With the administration and news media beating the drums for another military offensive, you, audience member, sit there and do nothing. If the idea of more war reporting by Wolf Blitzer and a cavalcade of preening ex-generals can't scare you into evasive action, perhaps the thought of another Hollywood morality lesson will.
In that, "Lions for Lambs" exists in a crowded field. This fall has produced at least five topical films related to our wars in the East, including "Rendition," "The Kingdom," and the Tommy Jones vehicle, "In the Valley of Elah" -- movies that television news calls "thought-provoking."
To its credit, "Lions for Lambs" has the least desire to wring entertainment value out of the material. It wants to proselytize, which is not to its credit. The intention is admirable, but also frustrating, because the result is a series of straw-man arguments and preaching, kind of like a cinematic tent-revival meeting whose holy spirit would be The Nation. As an idea, it's noble; as a movie, it's not really a movie, but a collection of polemics.
At least it's brief. The one neat trick "Lions for Lambs" pulls off is connecting several events taking place at the same time, in real time, in about 88 minutes. Since the average movie is 90 minutes, you'll appreciate the two extra allowed to orient yourself to the fact you didn't just see a seriously long preview, but an actual narrative.
At an unnamed California university, a poly-sci professor (Robert Redford) has an office meeting with a gifted but uninterested student (Andrew Garfield). In Washington, D.C., a reporter (Streep) interviews an up-and-coming senator (Tom Cruise). Somewhere in the Afghan mountains, a couple of noble American soldiers (Derek Luke and Michael Pe¤a), former students of the prof, attempt to implement the senator's new strategy. In theaters everywhere, people are wondering what Cruise was thinking.
The new head of United Artists, Cruise took a big chance with such a talky vehicle as the company's first release under his stewardship. It's difficult to think of anything he's done that's been a major flop, but it would still be surprising to see such a risky move pay off. If nothing else, we might have expected more battle scenes. Really, we might have expected a crowd-pleaser like "Mission: Impossible," but with more "Bourne Identity" intelligence for a fall release. That's the way you expect the Hollywood establishment to operate, and movies such as "Lions for Lambs" make you regret faulting them for it.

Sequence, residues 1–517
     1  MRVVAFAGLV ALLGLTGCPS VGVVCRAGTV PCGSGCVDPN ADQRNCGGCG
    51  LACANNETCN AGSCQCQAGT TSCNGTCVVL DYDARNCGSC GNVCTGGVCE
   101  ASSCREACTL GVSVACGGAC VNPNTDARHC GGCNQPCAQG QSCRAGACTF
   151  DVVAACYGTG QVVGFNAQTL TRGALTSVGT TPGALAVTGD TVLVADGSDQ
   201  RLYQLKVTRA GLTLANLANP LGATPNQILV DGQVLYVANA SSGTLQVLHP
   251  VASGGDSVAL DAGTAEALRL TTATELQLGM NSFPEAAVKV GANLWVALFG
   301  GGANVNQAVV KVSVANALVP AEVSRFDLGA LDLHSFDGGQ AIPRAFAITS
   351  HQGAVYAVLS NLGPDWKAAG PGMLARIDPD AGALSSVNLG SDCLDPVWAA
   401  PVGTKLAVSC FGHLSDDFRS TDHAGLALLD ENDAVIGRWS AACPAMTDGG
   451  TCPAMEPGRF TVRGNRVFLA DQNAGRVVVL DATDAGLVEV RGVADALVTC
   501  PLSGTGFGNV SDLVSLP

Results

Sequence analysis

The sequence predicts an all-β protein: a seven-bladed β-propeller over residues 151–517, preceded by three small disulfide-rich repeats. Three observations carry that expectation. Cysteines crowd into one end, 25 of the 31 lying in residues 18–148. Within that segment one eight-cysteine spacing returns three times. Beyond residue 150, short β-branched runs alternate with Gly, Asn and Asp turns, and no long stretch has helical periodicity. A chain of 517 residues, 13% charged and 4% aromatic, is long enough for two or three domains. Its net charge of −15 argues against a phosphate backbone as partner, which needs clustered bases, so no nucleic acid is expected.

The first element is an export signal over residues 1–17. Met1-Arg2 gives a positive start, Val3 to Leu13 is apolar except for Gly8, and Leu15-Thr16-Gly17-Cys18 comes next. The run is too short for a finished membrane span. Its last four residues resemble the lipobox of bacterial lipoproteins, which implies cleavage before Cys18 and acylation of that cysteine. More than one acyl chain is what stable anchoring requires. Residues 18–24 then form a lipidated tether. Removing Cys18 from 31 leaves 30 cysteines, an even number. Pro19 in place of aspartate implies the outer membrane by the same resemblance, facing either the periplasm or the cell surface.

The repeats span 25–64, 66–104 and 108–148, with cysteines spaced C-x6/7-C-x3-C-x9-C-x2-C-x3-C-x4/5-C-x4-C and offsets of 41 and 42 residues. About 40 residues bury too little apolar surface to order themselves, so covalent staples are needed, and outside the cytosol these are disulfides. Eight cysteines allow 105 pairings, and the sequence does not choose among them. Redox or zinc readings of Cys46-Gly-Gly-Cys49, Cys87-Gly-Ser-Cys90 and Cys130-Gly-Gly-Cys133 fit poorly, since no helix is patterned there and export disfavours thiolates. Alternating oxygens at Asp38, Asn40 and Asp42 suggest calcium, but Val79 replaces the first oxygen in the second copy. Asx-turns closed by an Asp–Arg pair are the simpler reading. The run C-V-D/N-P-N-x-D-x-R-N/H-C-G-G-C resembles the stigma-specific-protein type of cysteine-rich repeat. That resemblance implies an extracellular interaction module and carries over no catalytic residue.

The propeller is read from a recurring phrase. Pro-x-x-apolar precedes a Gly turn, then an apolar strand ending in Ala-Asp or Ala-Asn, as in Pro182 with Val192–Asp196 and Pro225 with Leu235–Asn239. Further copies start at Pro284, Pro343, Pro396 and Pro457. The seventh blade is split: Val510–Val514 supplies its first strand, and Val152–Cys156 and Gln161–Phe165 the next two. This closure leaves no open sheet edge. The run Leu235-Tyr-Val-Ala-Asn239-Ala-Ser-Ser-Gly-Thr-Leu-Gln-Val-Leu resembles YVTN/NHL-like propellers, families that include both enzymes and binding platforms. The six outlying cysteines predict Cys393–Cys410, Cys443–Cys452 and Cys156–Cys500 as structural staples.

Scribe Matthew Michael Carnahan wrote "Lions" after what he says was a moment of apathy he experienced in the face of a disturbing Iraq War report on television, and his script doesn't hide its agenda. Eschewing all subtlety in favor of its message, it wants to reach all those people who, like Carnahan, are against our wars but do nothing about it. Redford, directing himself as a venerable professor trying to reach a bright student who's also given up, goes so far as to put his character in "That's what they want us to think!" mode. The message might be relevant, but the method, obvious and literal, is sure to miss the mark. People who agree likely won't feel they're hearing anything new, and people who don't aren't likely to be swayed by such a direct argument.
Redford and Carnahan might argue that they're preaching to the choir on purpose -- that their goal isn't simply to inform, but to get their congregation's butts off the pews. That may be, but their sermon isn't always logically sound. The central conceit plays out as a battle between ideologies, which you could sum up as "Leaders know best" versus "It's up to us." Both undermine the thread that concerns the two soldiers, Redford's former students, who've had nearly two presidential terms to think of a better way to fight the system. Similarly, you can't say we are all responsible while excluding senators and soldiers.
The movie tries to alleviate this criticism by explaining its title, which comes from a German poem about British soldiers during World War I. Never, it observes, have such lions been led by such lambs. Would Carnahan and Redford have us believe this about our soldiers? And what about our mercenaries from Blackwater? After nearly eight years of obvious misrepresentations, dutifully recounted by Mark Danner in a recent issue of The New York Review of Books, such a notion applied to Afghanistan and Iraq is difficult to swallow. Redford and Carnahan's film puffs itself up for a political roar, but its wistful protests sound more like bleating. (R) 88 min. S